AVCA response to ARFNZ

Link to original press release from ARFNZ is here. 

“There is no evidence for a public health claim for an unregulated approach to e-cigarettes and personal vaporizers. ARFNZ recommends that if there is support for e-cigarette use in New Zealand as a smoking cessation device, then these products should be classified as therapeutic devices and regulated through Therapeutic Goods Administration (TGA), Medsafe and PHARMAC.”

The call for “medicalisation” is in direct opposition to saying “there is no evidence for a public health claim”.  If what they mean is medicalisation is the only regulatory approach that they find suitable (which I presume they are, in fact, saying) then what they are really saying is that they want only products from companies that have the funds (thousands if not millions of dollars) to go through the regulatory process.  In other words, you are looking to completely annihilate the independent vape industry and hand out engraved invitations to tobacco and pharmaceutical companies while at the same time telling adults that they have no right to choose harm reduction to reduce risk of illness and death?  That sounds a ridiculous to us as it is for us to say to you you might as well tell adults that they don’t need seatbelts, condoms or helmets, and  to immediately stop the campaigns promoting vaccination and childhood dental hygiene too.   Sounds ridiculous doesn’t it?  That is because it IS ridiculous in both contexts.

“If not intended as part of a smoking cessation plan then e-cigarettes should have the same restricted sale and accessibility placed on them as conventional cigarettes e.g. prohibit sale and supply in public places, not sold to under 18 year olds and no point of sale advertising of e-cigarettes and e-liquids.”

Read as:  in reality, we consider e-cigarettes as a medical product and therefore, if not a medical product they must be tobacco products, ala TPD.  Except my atomiser does not contain any tobacco, nor does my mod, batteries or the e liquid I use.  Interestingly enough, the nicotine in my eliquid is the same pharma grade nicotine that is used in NRT and THAT isn’t considered a “tobacco product”.   

“The last thing we want to happen is for our young generation of New Zealanders to pick up e-cigarettes thinking they are not harmful and inadvertently becoming an entry to a smoking habit,” says Dr Stuart Jones, President of the Thoracic Society of New Zealand and Medical Director of ARFNZ.”

Dr. Jones might wish to read the studies done in the UK regarding “The Gateway Effect” – that is the now disproven theory that vaping leads to renormalisation of smoking and induces youth to smoke themselves.    He might also consider making himself familiar with science and policy in the UK where the smoking rates have decreased dramatically since the promotion of e-cigarettes as an option for THR and the availability of the same items in the US, where smoking rates have also shown the same level of dropoff of combustible smoking rates.  There’s a multitude of robust data already out there to peruse through that shows science-based facts around vaping.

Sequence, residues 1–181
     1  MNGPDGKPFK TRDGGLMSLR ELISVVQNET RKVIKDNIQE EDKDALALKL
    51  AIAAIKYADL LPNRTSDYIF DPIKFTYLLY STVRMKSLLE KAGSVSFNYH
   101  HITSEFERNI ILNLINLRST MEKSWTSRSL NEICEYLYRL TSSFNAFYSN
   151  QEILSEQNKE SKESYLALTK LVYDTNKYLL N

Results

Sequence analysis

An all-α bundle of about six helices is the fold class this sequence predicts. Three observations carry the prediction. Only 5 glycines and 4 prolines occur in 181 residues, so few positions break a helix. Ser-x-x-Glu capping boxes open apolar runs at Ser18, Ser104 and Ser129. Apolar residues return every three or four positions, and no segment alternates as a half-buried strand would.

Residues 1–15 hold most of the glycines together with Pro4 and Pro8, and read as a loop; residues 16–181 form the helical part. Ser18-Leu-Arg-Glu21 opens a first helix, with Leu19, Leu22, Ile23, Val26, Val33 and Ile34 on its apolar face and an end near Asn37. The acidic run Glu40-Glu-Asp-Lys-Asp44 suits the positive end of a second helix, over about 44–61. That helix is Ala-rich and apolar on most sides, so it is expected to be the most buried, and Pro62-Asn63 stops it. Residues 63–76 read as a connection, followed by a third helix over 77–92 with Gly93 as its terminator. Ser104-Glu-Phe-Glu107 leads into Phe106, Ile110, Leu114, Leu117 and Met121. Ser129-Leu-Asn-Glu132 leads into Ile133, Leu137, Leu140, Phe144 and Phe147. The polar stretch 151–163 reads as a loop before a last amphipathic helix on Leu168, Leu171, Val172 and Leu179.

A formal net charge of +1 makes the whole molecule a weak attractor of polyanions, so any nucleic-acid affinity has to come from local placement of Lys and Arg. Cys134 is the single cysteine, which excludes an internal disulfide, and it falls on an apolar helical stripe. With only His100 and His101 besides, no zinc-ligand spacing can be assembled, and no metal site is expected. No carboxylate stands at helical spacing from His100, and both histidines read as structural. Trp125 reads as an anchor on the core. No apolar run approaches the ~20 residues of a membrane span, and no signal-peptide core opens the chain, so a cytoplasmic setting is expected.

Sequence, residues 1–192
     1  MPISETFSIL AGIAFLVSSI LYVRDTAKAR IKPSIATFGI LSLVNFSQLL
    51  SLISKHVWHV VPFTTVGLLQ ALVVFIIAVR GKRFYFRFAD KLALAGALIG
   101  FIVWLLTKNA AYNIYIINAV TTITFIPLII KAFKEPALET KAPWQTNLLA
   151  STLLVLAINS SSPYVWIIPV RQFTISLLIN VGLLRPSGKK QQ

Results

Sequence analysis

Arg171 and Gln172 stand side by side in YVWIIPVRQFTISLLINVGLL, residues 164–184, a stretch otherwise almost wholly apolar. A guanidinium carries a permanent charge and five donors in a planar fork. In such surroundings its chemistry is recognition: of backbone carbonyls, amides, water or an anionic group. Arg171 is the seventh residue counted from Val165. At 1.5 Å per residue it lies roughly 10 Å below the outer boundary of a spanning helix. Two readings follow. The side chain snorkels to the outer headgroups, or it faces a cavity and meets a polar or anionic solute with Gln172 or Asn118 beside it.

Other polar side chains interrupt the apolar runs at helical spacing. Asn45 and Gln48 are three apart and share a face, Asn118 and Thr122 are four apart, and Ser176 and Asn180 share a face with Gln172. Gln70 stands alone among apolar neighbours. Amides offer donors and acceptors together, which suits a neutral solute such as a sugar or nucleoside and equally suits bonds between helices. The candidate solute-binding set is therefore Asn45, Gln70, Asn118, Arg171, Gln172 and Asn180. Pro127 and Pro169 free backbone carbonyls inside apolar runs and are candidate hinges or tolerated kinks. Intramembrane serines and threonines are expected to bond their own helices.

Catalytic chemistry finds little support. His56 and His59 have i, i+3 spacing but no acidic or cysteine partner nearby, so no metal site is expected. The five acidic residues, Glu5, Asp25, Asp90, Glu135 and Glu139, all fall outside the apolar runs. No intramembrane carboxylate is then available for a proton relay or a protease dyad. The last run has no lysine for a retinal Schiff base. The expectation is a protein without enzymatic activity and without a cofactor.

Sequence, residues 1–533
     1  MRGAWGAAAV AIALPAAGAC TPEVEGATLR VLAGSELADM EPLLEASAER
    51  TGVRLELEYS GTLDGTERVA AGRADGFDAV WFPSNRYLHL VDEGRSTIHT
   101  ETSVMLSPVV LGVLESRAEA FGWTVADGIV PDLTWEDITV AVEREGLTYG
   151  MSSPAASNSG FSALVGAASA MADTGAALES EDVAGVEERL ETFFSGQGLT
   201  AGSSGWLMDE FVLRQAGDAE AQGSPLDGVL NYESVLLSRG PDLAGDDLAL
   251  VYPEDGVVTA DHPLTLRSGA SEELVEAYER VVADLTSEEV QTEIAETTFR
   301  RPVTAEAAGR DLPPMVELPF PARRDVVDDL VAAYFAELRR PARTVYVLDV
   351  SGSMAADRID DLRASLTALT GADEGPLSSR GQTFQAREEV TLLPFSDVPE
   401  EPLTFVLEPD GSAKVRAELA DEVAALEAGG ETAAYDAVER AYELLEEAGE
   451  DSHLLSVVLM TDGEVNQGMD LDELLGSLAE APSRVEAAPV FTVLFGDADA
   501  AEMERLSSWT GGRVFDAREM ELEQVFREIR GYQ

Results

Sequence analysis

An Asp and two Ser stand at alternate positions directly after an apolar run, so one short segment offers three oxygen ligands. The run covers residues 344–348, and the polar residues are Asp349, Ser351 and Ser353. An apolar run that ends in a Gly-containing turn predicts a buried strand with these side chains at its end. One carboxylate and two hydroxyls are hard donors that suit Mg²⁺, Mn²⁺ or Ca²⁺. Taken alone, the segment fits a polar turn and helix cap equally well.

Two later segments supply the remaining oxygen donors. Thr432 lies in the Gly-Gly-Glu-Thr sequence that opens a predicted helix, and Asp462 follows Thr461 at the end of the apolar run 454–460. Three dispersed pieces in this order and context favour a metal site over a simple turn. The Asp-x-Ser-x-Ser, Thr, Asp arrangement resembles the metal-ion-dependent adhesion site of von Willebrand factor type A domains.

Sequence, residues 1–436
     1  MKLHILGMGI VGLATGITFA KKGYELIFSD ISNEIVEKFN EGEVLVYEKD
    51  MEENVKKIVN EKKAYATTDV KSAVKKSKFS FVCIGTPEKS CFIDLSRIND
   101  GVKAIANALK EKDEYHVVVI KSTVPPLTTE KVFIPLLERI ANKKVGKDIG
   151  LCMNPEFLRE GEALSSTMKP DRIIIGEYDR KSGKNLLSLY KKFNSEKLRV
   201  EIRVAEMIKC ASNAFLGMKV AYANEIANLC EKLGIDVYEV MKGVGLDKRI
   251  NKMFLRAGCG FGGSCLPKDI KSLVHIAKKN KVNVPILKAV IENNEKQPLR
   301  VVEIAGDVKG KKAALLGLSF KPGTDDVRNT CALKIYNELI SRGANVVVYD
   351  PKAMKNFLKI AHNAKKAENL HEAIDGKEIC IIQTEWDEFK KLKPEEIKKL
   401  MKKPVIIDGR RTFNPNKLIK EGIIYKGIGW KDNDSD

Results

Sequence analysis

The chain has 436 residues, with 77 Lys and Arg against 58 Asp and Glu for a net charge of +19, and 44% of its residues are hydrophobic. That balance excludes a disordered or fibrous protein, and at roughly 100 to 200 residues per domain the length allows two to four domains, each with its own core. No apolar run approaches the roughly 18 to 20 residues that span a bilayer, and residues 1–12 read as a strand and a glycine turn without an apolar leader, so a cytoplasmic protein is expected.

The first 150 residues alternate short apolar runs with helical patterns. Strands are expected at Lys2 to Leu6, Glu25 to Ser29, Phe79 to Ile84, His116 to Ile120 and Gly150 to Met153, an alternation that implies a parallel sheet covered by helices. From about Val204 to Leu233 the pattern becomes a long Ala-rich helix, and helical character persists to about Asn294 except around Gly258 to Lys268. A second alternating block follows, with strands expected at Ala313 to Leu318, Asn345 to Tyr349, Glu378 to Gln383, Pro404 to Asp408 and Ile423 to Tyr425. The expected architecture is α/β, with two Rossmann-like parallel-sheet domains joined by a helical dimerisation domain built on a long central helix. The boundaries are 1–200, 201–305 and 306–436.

“The position of the Thoracic Society is that these products are likely to be harmful to the lungs long-term. We cannot think of any other product which is manufactured to be inhaled, that has not been through stringent regulatory controls. This is vitally important and e-cigarettes should not be given a free ride. We have seen the damage caused by letting cigarettes escape regulation and New Zealand can ill afford to make the same mistake again,” says Dr Jones.”

“Likely to be harmful to the lungs..” is a (flawed) perception based on the concerted disregard for the fact that e-cigarettes have been around since 2005, became “mainstream” in 2007 and have ten (10) years of science that has shown they are an effective “Tobacco Harm Reduction” tool.  Tobacco Harm Reduction (THR) is what vaping is all about.  Life is inherently risky, and just as individuals choose to use helmets, seatbelts, and condoms, using e-cigarettes is about harm reduction.   

In terms of e-cigarettes being used as a smoking cessation aid, the evidence is weak at best. We have heard that e-cigarettes are likely to be less harmful than conventional cigarettes, but there are many alternatives already available to assist smokers to quit which have passed stringent regulatory processes. We urge real caution with respect to e-cigarettes. We recognise that for some individuals who struggle to give up using current smoking cessation aids, the use of e-cigarettes may be beneficial, but we need to make sure that we’re targeting that group,” says Dr Jones.

Public Health England and the Royal College of Physicians (your colleagues in the UK) have PROVEN that e-cigarettes are less harmful than combustible cigarettes.  However, the real point here, as far as I can see it, is that the “alternatives that are already available to assist smokers to quit” have failed, and failed miserably.  The advent of e-cigarettes was a consumer driven phenomena from consumers who wanted an alternative to combustibles because the aforementioned “alternative” failed and failed miserably.